Aquatic invertebrates, stream condition, springs, disturbance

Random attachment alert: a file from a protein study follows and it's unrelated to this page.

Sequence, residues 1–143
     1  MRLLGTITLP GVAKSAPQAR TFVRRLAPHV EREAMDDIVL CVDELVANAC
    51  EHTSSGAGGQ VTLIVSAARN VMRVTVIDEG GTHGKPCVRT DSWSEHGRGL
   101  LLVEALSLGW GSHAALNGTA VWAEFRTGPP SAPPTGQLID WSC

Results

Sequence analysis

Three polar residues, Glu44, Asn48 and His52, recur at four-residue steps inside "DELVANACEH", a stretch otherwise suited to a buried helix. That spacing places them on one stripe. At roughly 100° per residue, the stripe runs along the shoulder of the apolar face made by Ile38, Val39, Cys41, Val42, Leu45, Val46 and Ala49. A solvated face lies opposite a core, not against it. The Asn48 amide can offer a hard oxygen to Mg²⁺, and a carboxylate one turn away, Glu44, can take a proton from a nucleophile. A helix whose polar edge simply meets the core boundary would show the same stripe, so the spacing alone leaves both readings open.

Ozark National Scenic Riverways (OZAR) was established to protect the corridor of the Current River and its major tributary, the Jacks Fork. The Current River is one of the few remaining free-flowing rivers in the U.S., with much of its base flow coming from several large springs. To assess the biological condition of these rivers, aquatic invertebrate community structure was monitored from 2005 to 2014. Benthic invertebrate samples and associated habitat and water quality data were collected from each of nine sampling sites using a Slack-Surber sampler. The Stream Condition Index (SCI), a multimetric index that incorporates taxa richness, EPT (Ephemeroptera, Plecoptera, Trichoptera) richness, Shannon’s diversity index, and Hilsenhoff Biotic Index (HBI), was calculated. The benthic invertebrate fauna was diverse with 155 distinct taxa identified from all sites. Mean taxa richness was high, ranging from 22 to 30 among sites. The invertebrate taxa of the Current River and Jacks Fork are largely intolerant across all taxa represented (mean tolerance value= ~4.25). Mean HBI did not exceed 3.9 in the Current River or 4.4 for the Jacks Fork. Mean SCI scores across sampling sites generally were well above 16, indicating they are not impaired. Habitat and water quality data were summarized, but they were poorly correlated with individual invertebrate metrics. Sørenson’s similarity index was used to assess community similarity among sites, and similarity scores were then analyzed using ascendant hierarchical cluster analysis. Similarity among sites was 72% or greater. Cluster analysis showed that Current River and Jacks Fork sites clustered separately and in a downstream progression. The uppermost collection site on the Current River was most unlike the other sites, which probably relates to the distinct physical features of that site compared to the others. Nonmetric Multidimensional Scaling (NMDS) was used to evaluate the relationship of invertebrate metrics to habitat and water quality. The NMDS model was found to be a good fit (stress=0.04) and specific conductance, temperature, discharge, filamentous algae and aquatic vegetation were among the most important habitat variables in defining the relationship among sampling sites. The three lower Current River and Jacks Fork sites each were closely grouped in ordination space, but the three upper Current River sites were farther apart from each other. The influence of several large volume springs near those sites is suspected of producing such disparity through press type disturbances. Although the invertebrate communities and water quality in the Current River and Jacks Fork are largely sound and have high biological condition, ongoing and projected threats to these resources remain, and those threats largely originate outside park jurisdictional boundaries. Inherent variability of invertebrate community diversity across sites and years highlights the importance of using multi-metric assessments and multiyear monitoring to support management decisions.